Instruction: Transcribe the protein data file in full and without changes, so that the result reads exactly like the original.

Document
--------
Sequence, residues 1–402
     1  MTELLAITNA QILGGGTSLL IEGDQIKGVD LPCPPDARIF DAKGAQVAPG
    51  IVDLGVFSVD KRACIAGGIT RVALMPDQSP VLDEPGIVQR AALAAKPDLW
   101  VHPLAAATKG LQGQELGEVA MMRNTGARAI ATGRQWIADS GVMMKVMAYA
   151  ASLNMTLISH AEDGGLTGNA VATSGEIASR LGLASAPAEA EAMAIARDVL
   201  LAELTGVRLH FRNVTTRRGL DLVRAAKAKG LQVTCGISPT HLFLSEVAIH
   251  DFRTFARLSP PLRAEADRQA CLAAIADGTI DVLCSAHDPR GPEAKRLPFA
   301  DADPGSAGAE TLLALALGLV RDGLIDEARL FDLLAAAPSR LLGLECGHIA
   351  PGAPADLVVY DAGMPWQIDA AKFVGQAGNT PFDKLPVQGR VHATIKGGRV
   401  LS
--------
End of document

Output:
Sequence, residues 1–402
     1  MTELLAITNA QILGGGTSLL IEGDQIKGVD LPCPPDARIF DAKGAQVAPG
    51  IVDLGVFSVD KRACIAGGIT RVALMPDQSP VLDEPGIVQR AALAAKPDLW
   101  VHPLAAATKG LQGQELGEVA MMRNTGARAI ATGRQWIADS GVMMKVMAYA
   151  ASLNMTLISH AEDGGLTGNA VATSGEIASR LGLASAPAEA EAMAIARDVL
   201  LAELTGVRLH FRNVTTRRGL DLVRAAKAKG LQVTCGISPT HLFLSEVAIH
   251  DFRTFARLSP PLRAEADRQA CLAAIADGTI DVLCSAHDPR GPEAKRLPFA
   301  DADPGSAGAE TLLALALGLV RDGLIDEARL FDLLAAAPSR LLGLECGHIA
   351  PGAPADLVVY DAGMPWQIDA AKFVGQAGNT PFDKLPVQGR VHATIKGGRV
   401  LS